Lauren McDuffie shares classic Southern recipes with a lighter twist in her new cookbook publishing June 6. | Photo by Ruta Smith

Can Southerners, who are stereotypically known to love all things breaded and fried, get an appetite for lighter dishes?

 “If there’s not an appetite for that, there should be,” said Lauren McDuffie, laughing.

McDuffie combines her Southern upbringing and love for healthy food in her latest cookbook Southern Lights

McDuffie is betting she can convince Southerners to lighten up with her new cookbook, Southern Lights, available June 6. The cookbook is full of Southern classics but leans heavily on herbs and seasonal vegetables.

“This book is about food and what it can do for you,” McDuffie said. “It’s colorful and happy. I really wanted to show some simple, doable ways to lighten up some classic Southern recipes. Also, what I’ve come to appreciate, having lived in the South most of my life, is that there is so much of Southern cooking that’s already healthy and light. That’s the food that doesn’t get all the glory and attention, but a lot of Southern cooking exists to celebrate whatever grows in the Southern ground. I wanted to show that off.”

 The Kentucky native’s first cookbook, Smoke, Roots, Mountain, Harvest, celebrated the food of the Appalachians, where she grew up and which she missed while living in Indianapolis. When she moved to James Island with her pediatric surgeon husband, she wanted to feature the foods she saw around her in Charleston.

“My first cookbook was born from a little bit of homesickness,” she said. “I missed my Appalachian roots and with that book, I got to [go] home, figuratively. When I found out we were going to land in Charleston, I was thrilled. I can’t imagine a more different and interesting place to call home. Everyone told me, ‘It’s so beautiful, it’s so hot, and it’s such an amazing food town.’”

The Lowcountry’s reputation as a food mecca was appealing to her. McDuffie grew up in Kentucky and, later, Virginia. She’d read her mother’s Southern Living magazine recipes the way some read novels, absorbing the stories behind the recipes and trying to memorize the steps. Before the Food Network, she’d watch cooking shows on public television. Eventually, she started a popular blog, My Kitchen Little, which gave her the confidence to explore how to write a cookbook and get it published.

McDuffie’s hushpuppy popovers. | Image provided

“My culinary background is varied,” she said. “I call myself a professional home cook, though I’ve explored the culinary world from every nook and cranny with the exception of going to culinary school.”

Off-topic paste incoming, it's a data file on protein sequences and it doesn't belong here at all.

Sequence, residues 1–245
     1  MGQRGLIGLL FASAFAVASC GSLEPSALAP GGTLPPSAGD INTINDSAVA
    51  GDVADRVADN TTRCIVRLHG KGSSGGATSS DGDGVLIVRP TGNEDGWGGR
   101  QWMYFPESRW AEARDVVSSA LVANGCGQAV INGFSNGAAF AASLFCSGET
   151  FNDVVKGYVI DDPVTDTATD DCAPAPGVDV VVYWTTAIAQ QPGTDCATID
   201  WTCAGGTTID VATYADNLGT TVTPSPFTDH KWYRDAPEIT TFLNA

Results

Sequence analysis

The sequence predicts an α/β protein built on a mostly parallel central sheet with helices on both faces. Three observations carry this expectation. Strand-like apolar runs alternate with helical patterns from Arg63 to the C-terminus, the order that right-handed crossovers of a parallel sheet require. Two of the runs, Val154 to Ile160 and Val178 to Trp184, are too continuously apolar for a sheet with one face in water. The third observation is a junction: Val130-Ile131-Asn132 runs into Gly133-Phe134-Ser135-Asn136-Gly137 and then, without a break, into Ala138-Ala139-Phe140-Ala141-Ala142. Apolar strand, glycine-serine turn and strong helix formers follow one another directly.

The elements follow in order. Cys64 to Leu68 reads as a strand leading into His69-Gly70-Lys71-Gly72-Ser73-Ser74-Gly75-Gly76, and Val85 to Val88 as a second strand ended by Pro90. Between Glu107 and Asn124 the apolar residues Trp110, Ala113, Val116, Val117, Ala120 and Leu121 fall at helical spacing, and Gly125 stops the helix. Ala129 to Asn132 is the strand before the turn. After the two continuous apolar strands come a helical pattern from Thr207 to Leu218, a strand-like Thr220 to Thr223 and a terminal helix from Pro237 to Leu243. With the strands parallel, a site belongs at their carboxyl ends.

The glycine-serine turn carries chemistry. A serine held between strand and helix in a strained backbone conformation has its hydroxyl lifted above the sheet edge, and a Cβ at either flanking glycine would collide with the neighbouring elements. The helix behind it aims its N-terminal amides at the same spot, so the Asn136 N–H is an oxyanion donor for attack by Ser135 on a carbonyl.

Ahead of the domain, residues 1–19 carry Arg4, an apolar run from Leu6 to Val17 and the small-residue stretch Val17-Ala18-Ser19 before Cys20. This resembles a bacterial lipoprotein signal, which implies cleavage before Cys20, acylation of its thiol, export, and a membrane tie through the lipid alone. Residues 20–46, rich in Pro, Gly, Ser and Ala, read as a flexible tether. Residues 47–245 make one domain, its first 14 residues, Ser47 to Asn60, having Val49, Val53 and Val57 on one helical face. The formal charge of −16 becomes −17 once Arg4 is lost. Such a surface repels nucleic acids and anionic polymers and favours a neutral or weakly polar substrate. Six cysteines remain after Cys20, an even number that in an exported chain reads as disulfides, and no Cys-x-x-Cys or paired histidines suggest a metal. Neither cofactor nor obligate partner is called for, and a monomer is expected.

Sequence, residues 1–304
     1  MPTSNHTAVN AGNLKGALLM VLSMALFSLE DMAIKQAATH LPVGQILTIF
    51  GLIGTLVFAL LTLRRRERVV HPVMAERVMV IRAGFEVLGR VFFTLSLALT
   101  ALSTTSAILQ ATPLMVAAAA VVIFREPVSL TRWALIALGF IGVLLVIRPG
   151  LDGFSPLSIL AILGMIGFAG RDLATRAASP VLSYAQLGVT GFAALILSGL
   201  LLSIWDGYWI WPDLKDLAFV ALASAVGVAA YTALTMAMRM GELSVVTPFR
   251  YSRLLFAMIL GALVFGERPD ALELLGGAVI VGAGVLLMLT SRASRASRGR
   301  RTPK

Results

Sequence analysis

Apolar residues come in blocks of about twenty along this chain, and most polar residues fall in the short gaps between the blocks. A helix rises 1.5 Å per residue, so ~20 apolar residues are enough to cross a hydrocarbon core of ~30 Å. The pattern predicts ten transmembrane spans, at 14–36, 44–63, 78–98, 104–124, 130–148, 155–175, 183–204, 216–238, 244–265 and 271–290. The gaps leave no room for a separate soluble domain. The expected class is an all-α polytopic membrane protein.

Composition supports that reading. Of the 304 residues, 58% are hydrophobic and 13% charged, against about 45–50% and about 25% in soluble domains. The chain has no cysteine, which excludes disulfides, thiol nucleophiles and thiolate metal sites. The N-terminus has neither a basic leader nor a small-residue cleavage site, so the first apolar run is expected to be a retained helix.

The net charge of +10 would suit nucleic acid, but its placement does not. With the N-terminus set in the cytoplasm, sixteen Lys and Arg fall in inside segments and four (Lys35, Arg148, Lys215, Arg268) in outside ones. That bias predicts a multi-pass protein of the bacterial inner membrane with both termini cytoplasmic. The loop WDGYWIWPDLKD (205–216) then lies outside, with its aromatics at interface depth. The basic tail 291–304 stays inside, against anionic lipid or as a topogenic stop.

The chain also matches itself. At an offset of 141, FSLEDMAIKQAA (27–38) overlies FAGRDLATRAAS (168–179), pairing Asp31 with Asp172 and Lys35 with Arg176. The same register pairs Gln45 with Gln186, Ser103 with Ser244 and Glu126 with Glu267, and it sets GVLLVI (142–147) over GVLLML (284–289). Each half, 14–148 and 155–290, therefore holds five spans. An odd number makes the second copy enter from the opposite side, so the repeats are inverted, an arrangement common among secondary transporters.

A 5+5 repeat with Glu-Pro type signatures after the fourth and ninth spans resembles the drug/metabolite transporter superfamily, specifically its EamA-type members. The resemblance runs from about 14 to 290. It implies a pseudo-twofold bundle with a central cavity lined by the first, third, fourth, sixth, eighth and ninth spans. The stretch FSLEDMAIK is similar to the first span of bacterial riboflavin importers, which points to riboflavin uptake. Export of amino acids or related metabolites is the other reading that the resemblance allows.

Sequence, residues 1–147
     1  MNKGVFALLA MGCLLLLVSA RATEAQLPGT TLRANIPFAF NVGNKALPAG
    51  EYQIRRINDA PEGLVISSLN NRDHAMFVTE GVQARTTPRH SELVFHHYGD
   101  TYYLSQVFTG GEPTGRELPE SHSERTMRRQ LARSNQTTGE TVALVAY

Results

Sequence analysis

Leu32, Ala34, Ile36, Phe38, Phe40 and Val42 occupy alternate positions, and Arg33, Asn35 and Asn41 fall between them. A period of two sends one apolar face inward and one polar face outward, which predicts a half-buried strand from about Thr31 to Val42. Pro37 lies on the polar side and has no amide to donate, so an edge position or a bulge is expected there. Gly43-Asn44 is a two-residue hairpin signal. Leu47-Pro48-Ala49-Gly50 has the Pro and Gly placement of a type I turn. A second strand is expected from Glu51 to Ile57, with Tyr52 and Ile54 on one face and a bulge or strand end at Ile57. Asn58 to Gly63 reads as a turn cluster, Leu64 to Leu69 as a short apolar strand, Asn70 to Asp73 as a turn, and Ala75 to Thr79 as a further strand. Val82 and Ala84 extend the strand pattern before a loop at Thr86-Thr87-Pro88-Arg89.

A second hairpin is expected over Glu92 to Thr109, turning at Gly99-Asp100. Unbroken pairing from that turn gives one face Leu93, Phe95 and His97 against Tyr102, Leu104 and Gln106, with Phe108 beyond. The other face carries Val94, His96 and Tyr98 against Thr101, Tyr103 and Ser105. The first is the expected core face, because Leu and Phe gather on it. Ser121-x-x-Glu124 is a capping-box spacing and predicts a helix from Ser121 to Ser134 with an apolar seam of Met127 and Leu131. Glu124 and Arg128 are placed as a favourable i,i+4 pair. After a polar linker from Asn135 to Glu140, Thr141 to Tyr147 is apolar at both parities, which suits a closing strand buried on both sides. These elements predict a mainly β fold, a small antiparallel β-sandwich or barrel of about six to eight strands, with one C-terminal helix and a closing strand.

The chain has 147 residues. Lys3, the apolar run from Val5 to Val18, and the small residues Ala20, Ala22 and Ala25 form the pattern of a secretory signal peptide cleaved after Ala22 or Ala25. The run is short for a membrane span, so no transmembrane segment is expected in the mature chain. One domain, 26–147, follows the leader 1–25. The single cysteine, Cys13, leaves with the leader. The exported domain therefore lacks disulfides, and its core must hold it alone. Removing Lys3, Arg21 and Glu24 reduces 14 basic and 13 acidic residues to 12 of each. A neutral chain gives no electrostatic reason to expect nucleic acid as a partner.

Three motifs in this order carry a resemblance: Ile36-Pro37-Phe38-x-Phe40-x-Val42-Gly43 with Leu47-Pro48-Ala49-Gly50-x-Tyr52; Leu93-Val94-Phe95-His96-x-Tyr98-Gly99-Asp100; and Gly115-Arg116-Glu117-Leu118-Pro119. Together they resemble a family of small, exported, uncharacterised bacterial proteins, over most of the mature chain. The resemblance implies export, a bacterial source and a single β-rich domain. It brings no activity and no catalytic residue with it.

McDuffie has even tackled lightening up that heaviest of Southern dishes — hushpuppies.

“The secret is they’re baked,” she said. “And that’s always a good answer to lightening up anything that is deep-fried. I wanted to preserve that gritty cornmeal texture, but you won’t find a lot of processed sugar in my hushpuppies. They’re baked and, when I serve them, I flip the honey butter to buttered honey. It’s mostly honey with a little bit of butter. It’s all about the little changes, nothing dramatic.”

Preorder the cookbook on McDuffie’s website,

Lauren McDuffie’s Hushpuppy Popovers

Makes 12 popovers

There are few Southern seafood-centric situations in which baskets or bowls of freshly fried hush puppies aren’t present. Slathered in honey butter and enjoyed one after the other, hush puppies are essentially savory cornbread doughnuts served alongside your meal. Tasty, but not very healthy. For a lighter change of pace, I’ve got an easy cornmeal popover option. The cornmeal gives my classic blender popover recipe a golden hue and a sturdier bite, and it’s hard not to love the fact that these bake in muffin tins — no popover pans need apply.

3 tablespoons ghee, olive oil or liquid coconut oil, divided
3 large eggs
1 ½ cups buttermilk
1 ½ teaspoons salt
¾ cup plain yellow cornmeal
½ cup white whole wheat or
all-purpose flour

Watercress, for garnish (optional)

Preheat the oven to 450 F. Adjust the rack to the middle position. Brush each of 12 muffin cups with some of the ghee, using up about two tablespoons’ worth.

When the oven is preheated, put the prepared muffin pan inside and let it heat up for 5 minutes.

In a blender, combine the remaining one tablespoon of ghee and the eggs, buttermilk and salt.

In a small bowl, whisk together the cornmeal and flour. Add this to the blender, and blend until completely smooth. Remove the muffin pan from the oven and pour the batter into the greased muffin cups, filling them just over three-fourths full.

Bake the popovers for 25 to 27 minutes or until very golden brown and done in the centers. Garnish with watercress, if using, and serve with whipped honey.

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